Croatia, report: TPP Plomin C new unit, project analysis

14. May 2014. / SEE Energy News

Three obligatory bids for the construction of TPP Plomin C are a good signal for Croatia Energy company HEP to be in a position to negotiate for better terms regarding the construction of the power plant. Nevertheless, the HEP should answer to the profession on ten key issues relevant to the economics of the whole business, even more because there were some unfavorable provisions for the HEP in agreement with RWE for Plomin2.

The HEP has received three binding offers for the construction of TPP Plomin C on coal, power of 500 MW. In the national electric power industry they are very pleased with this development, with a good reason. After nearly a year of uncertainty, when it seemed that it might not get more than a single bid, however it turned out that there was an interest and they would have someone to negotiate with. And if you have someone to talk to that means there is sufficient situation to be achieved the better conditions, which is certainly good news. This development should perhaps shut the mouths of those who claim that the death knell for coal in Europe, it is about a harmful project that will cost not only money but also human lives. Obviously construction of TPP Plomin C on coal is going to happen, in the spatial plan of Istria County, despite the obvious need of the people from Istria to reconcile with the facts.

Due to environmental conditions in a few years many of HEP’s plants will need to be cut off and it took a long time to build an adequate replacement, so that feasibility of building power plants has not make sense to be questioned. But in the public, in a democratic states, no one can deny someone’s right to question the energy strategy, the conduct and operations of the state and its associated companies. Even more, every investment of the HEP eventually must be expressed in the price of electricity which is being paid by citizens and enterprises. For the HEP situation is not the same as it was five or six years ago, when the company held a firm monopoly, the crisis wasn’t so deep and when such a great investment would have been better timed for the national economy.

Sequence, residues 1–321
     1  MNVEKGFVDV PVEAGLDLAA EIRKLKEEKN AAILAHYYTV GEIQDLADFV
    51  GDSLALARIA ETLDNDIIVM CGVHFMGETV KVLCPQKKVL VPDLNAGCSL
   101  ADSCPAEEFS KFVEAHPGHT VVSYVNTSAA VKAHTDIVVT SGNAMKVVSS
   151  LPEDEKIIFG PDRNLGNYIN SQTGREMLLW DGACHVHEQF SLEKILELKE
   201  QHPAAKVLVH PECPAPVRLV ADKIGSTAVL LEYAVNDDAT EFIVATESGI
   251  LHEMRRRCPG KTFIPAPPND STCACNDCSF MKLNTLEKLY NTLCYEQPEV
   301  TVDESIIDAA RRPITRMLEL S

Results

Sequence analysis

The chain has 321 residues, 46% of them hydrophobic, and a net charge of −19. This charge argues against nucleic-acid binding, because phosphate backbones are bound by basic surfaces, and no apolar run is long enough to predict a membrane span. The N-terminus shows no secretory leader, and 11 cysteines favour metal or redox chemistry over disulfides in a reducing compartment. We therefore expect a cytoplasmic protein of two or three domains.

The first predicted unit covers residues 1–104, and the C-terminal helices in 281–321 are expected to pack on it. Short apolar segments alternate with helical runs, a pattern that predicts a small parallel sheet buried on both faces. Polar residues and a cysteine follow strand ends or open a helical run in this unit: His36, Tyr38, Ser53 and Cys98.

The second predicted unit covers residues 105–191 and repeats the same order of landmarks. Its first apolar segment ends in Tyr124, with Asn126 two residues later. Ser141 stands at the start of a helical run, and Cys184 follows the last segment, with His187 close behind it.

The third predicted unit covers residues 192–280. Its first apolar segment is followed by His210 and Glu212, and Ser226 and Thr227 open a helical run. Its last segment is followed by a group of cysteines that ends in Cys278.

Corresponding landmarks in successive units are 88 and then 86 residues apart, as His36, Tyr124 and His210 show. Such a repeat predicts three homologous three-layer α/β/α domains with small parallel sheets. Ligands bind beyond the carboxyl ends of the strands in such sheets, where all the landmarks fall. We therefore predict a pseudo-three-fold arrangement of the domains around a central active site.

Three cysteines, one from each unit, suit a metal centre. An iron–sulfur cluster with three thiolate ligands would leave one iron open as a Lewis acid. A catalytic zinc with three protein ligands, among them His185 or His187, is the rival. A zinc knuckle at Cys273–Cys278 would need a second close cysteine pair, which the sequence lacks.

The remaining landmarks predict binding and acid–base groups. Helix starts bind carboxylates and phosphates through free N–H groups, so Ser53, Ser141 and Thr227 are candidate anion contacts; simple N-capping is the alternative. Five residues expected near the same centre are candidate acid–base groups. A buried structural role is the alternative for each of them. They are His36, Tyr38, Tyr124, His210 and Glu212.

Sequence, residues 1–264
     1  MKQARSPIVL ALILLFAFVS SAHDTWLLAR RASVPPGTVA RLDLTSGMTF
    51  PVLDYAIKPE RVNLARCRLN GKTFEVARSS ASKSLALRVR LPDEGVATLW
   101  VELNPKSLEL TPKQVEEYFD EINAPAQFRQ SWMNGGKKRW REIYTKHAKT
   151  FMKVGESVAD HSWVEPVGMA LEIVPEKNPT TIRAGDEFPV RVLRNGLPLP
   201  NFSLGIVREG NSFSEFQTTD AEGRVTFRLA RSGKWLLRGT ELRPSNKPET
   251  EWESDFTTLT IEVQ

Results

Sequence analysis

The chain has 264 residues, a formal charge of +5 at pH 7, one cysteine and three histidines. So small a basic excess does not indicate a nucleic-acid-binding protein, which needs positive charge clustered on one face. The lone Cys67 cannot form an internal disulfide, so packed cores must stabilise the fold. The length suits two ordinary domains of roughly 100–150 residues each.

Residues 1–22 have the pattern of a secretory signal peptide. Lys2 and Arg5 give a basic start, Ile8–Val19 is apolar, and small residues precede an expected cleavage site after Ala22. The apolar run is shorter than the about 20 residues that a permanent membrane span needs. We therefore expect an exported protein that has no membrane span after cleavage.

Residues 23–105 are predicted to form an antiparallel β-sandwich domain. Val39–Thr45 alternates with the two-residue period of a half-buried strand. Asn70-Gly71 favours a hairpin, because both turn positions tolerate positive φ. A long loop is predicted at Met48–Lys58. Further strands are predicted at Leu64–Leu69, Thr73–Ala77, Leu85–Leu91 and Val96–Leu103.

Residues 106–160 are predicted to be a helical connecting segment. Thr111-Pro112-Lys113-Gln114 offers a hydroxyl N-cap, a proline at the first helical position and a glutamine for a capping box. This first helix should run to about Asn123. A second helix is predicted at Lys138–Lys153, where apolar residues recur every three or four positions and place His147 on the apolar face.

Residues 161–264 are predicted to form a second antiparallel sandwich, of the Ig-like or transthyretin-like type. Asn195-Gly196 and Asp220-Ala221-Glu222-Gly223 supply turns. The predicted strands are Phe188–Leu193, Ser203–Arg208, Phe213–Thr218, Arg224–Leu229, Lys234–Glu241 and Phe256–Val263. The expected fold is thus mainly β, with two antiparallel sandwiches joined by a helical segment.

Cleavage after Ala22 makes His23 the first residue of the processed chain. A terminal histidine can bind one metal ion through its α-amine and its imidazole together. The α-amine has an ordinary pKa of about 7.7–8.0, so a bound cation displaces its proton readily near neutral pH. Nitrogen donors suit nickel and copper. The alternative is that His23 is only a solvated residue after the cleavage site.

Today the HEP should be smarter and more cunning for itself, its customers and for the economy in general brought out the best possible conditions for cooperation with a strategic partner in the project as well.

The HEP carefully keep from the public the names of the providers of binding offers, because they say that it is in the interests of the negotiating process, which can be understood. What is not clear is why in more than a year before, the HEP didn’t present to the public more details of the business model of building the plant, which would cost around one billion euros. Although some details were set forth, but it is still not entirely clear roles’ distribution of HEP and strategic partner. The power plant will be built mostly with imported equipment, and involvement of local companies can be expected in the construction and installation works, if their offers show their competitiveness.